Entrepreneurs often find themselves rooted in one industry or another, finding something that works and sticking to it. Kris Thorkelson defies this principle, having experienced a number of successes during his 20+ year entrepreneurial career. Kris began his career in the pharmaceutical industry, opening a chain of four pharmacies in his native Winnipeg, Manitoba, as well as two medical clinics which he still operates.
In 2001, Kris founded Canada Drugs, a Canadian online pharmacy company which acquired brand name and generic drugs from around the world and sold them at competitive prices. Canada Drugs helped millions of people access the medication they needed at a reasonable cost.
Most recently, Kris Thorkelson has made the transition into real estate.
1. With Canada Drugs, you were one of the first to bring a pharmaceutical retail company into the digital space. As an entrepreneur, what was the eureka moment that made you think that, one, this would be a successful idea given it was still in the internet’s semi-infancy and, two, that you could pull this off?
I had been a pharmacist and operated small pharmacies for a number of years and after a colleague mentioned the possibility of selling prescription drugs to the U.S., I was intrigued. I then spent several weeks researching U.S. drug prices versus Canadian drug prices and Canadian and U.S. pharmacy regulations. After some significant research, I decided to go ahead. I never had a single loan and I had no partners, both of which made decisions very quick and easy to make.
- You have a lot of experience in a diverse array of industries. What is something that you have encountered or discovered in one of your business endeavors that has surprised you?
The impact of quality has truly surprised me. I always had this deep rooted belief that everyone looks at price as the primary driver of the purchasing decision, however quality is extremely important for many consumers look for quality as a primary decision maker.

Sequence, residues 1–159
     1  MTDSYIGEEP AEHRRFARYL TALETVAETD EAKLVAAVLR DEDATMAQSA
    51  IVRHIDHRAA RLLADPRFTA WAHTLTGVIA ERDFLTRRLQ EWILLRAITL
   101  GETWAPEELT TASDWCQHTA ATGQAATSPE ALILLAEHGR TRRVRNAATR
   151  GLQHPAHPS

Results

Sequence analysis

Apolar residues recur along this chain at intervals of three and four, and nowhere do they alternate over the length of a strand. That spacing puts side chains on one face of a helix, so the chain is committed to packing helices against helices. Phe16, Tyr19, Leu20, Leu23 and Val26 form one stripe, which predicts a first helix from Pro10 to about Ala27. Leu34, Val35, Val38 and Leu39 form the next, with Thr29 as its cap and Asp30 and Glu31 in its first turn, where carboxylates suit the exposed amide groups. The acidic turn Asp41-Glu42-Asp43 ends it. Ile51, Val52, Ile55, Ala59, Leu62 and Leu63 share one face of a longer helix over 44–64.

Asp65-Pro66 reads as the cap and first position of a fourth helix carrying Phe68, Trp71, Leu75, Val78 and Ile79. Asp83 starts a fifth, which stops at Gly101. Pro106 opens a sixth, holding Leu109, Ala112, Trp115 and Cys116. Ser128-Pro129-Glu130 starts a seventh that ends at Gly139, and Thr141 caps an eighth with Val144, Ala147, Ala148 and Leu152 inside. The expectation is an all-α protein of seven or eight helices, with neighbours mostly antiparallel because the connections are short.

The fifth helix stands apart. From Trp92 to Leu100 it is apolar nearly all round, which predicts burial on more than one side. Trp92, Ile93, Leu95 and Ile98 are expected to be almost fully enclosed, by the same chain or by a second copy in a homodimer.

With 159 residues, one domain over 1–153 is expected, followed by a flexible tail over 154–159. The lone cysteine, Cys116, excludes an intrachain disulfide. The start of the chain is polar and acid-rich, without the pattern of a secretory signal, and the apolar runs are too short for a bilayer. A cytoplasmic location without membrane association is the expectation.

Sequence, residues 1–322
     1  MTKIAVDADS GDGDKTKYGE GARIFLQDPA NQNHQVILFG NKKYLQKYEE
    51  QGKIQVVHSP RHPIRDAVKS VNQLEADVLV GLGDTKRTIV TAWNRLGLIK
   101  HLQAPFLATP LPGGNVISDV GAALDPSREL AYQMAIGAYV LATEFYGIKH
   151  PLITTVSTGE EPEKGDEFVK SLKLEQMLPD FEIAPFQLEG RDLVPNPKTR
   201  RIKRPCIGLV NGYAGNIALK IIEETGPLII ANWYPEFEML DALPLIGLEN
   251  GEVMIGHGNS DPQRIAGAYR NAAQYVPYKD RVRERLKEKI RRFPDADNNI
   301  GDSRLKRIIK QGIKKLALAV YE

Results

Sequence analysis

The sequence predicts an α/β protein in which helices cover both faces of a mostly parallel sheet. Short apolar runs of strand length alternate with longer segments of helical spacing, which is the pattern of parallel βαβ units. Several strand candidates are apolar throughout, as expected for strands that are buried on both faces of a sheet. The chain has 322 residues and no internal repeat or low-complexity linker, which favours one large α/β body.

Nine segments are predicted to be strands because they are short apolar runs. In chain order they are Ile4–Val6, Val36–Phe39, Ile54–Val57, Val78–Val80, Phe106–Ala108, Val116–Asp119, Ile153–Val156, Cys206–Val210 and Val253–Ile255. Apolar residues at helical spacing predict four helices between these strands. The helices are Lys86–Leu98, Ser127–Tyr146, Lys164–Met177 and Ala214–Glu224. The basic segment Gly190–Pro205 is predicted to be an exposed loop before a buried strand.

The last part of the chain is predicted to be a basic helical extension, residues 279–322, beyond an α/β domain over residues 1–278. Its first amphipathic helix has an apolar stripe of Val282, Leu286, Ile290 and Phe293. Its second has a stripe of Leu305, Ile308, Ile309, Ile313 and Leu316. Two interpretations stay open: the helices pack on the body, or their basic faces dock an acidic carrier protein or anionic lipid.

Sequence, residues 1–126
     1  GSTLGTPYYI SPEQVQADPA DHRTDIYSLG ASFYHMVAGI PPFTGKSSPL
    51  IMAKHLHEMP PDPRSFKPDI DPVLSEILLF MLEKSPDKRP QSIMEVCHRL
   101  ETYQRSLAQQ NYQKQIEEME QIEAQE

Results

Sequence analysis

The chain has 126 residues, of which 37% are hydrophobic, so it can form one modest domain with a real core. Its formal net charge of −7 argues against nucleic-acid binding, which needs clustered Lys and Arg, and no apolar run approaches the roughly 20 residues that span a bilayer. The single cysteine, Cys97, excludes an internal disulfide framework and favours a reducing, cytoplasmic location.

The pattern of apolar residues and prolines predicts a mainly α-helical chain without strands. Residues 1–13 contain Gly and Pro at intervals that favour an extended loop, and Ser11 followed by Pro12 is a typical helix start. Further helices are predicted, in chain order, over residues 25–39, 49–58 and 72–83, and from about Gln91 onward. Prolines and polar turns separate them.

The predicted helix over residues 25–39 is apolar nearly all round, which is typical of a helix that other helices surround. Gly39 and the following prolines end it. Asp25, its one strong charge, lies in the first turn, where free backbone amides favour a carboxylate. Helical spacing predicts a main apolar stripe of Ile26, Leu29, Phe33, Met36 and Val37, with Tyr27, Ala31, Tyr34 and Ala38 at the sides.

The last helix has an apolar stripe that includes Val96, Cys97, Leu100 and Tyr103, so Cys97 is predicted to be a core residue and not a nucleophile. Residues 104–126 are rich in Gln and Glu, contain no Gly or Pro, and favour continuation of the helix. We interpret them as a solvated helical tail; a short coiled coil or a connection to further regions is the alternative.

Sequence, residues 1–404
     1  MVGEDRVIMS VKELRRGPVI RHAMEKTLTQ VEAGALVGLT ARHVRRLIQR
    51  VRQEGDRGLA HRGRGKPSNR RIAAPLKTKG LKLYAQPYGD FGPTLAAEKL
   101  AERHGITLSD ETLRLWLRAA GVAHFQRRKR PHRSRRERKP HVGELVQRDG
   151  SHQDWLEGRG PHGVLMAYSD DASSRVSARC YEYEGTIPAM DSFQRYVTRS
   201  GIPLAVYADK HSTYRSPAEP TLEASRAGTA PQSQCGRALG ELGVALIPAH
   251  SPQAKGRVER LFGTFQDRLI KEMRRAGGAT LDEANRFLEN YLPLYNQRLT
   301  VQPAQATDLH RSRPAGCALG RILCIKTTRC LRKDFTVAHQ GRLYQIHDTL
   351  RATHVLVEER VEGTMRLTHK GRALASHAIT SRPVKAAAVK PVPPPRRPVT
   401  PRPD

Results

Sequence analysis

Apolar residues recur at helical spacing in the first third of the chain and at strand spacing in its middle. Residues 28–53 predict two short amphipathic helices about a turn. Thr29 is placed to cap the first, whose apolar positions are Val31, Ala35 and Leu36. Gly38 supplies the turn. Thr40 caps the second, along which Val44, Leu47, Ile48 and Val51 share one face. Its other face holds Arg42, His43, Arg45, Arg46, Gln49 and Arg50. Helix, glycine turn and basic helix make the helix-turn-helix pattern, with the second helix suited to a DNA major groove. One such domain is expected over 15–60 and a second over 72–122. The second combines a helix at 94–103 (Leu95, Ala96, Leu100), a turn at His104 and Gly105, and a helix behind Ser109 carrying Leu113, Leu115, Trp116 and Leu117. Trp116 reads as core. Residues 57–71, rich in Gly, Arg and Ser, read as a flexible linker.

- It seems like the majority of your career, both in the pharmaceutical industry and in real estate, has been spent trying to help people access the goods and services that they need. Why is this important to you and how do you think that your work can inspire others to be socially conscious in their entrepreneurial endeavours?
I truly enjoy the feeling of making a positive difference. When an individual tells me how they have been helped by my business it makes me feel truly great. My inner compass drives many decisions. Making a profit is crucial for any business however making a difference is just as important.
- What mistakes do you see young entrepreneurs making and what is your advice for them?
A rush to market or a rush to open a business is a mistake. Any start must be well planned out and prepared for. Underfunding is also deadly. Any business needs proper funding in order to get past the hurdles that are always higher and longer than anticipated.
- Having led a number of companies now in various industries, what attracts your attention when it comes to new potential business opportunities? On the flip side, what is an immediate no-go?
Many business sectors are extremely competitive now which is healthy for our economy but I much prefer an idea that is extremely hard to execute on and has limited competition. Ideally factors that prevent current and future competition are truly the best.